H.R. 2 was introduced to the House of Representatives yesterday, a landmark $1.5 trillion proposal to rebuild America’s infrastructure. It should be voted on before July 4.
In addition to $300 billion to build and fix roads and bridges, the bill also invests in programs to reduce carbon pollution. Rep. Peter DeFazio (D-Ore.), chairman of the House Transportation and Infrastructure Committee, has commented that the “Moving Forward Act” applies the principles of the Green New Deal.
Many solar and storage provisions are included in the bill, including:
- 5-year extension of Sec. 48 and 25D of the Investment Tax Credit (ITC) at 30% through 2025, followed by a two-year phase-down (2026 at 26% and 2027 at 22%)
- Direct pay proposal at 85% for section 48 qualifying projects for the same amount of time as the PTC/ITC credits exist
- Storage ITC
- Proposals to incentivize investment in clean energy for low income and underserved communities
- Tax credits for clean energy manufacturing
- Grid modernization provisions
- Funds for transmission planning with a requirement to account for renewable energy generation
- Grant program for solar installation in low-income and underserved communities
- Funds for renewable energy installation in community institutions, such as schools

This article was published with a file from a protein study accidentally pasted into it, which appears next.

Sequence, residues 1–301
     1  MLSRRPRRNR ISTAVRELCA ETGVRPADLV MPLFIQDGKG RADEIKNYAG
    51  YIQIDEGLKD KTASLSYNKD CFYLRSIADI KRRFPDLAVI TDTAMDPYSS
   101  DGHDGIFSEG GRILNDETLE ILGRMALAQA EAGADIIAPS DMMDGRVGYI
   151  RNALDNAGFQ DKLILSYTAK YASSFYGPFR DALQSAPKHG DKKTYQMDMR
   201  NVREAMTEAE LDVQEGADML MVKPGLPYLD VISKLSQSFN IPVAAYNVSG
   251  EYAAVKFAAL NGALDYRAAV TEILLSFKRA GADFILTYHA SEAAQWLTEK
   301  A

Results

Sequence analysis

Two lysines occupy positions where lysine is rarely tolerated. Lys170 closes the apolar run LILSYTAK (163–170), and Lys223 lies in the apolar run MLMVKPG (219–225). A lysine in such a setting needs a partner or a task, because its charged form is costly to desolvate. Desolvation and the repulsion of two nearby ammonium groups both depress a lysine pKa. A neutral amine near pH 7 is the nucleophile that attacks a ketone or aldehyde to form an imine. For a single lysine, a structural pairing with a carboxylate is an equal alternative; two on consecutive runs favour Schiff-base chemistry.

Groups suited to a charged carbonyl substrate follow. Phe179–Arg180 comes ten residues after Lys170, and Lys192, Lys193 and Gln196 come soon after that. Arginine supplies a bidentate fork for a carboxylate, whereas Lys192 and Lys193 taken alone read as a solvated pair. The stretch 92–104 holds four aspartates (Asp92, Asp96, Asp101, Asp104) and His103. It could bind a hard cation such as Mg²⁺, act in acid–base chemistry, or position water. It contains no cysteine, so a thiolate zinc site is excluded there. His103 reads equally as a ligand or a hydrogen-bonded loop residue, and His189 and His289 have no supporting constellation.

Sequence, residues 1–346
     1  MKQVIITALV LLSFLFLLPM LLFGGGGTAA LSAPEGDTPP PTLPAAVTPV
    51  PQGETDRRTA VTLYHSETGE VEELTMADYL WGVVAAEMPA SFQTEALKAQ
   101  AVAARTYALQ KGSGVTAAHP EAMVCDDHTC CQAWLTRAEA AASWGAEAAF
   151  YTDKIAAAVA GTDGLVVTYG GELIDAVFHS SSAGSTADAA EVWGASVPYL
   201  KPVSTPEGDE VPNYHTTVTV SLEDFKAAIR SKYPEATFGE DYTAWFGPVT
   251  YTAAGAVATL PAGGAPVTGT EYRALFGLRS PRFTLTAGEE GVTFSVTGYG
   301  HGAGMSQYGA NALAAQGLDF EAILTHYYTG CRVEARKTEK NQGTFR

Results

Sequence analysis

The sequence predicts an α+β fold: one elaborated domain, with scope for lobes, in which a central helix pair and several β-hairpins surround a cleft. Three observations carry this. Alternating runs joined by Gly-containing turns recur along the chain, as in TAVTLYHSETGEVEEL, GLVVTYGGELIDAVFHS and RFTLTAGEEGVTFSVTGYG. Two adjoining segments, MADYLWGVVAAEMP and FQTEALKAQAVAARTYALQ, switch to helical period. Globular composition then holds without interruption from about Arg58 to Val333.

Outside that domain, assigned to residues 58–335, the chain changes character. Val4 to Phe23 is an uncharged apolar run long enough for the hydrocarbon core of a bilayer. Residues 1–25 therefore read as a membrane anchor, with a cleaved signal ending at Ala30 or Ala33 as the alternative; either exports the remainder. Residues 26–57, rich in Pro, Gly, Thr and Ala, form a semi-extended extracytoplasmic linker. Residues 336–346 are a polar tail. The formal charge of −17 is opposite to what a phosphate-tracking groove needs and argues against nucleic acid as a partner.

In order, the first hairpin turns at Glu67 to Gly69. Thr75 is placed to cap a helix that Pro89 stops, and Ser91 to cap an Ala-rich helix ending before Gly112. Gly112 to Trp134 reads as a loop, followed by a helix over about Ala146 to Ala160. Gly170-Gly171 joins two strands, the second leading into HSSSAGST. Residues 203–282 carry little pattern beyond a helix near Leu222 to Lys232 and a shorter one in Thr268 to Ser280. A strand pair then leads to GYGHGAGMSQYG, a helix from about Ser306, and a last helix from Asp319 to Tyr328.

- Improvements to public lands renewable energy development programs
The above information was provided by industry advocacy group Solar Energy Industries Association.
“We look forward to working with bipartisan leaders in the House and Senate on policies that help put American solar workers in a position to lead economic recovery from the COVID-19 economic crisis. We know that with the right policies in place, including many of those proposed in the Moving Forward Act, clean energy can add hundreds of billions of dollars in investment and perhaps a million or more jobs back into the economy,” said Abigal Ross Hopper, president and CEO of SEIA. “Close to 90% of Americans support policies to promote a clean energy future. We will continue to work with Congress to push for policies that help restore lost solar jobs and resume our industry’s progress in the Solar+ Decade.”
As the House moves to vote within the next two weeks, SEIA is requesting that solar companies add their names to a letter to Congress. Those interested can fill out a form here.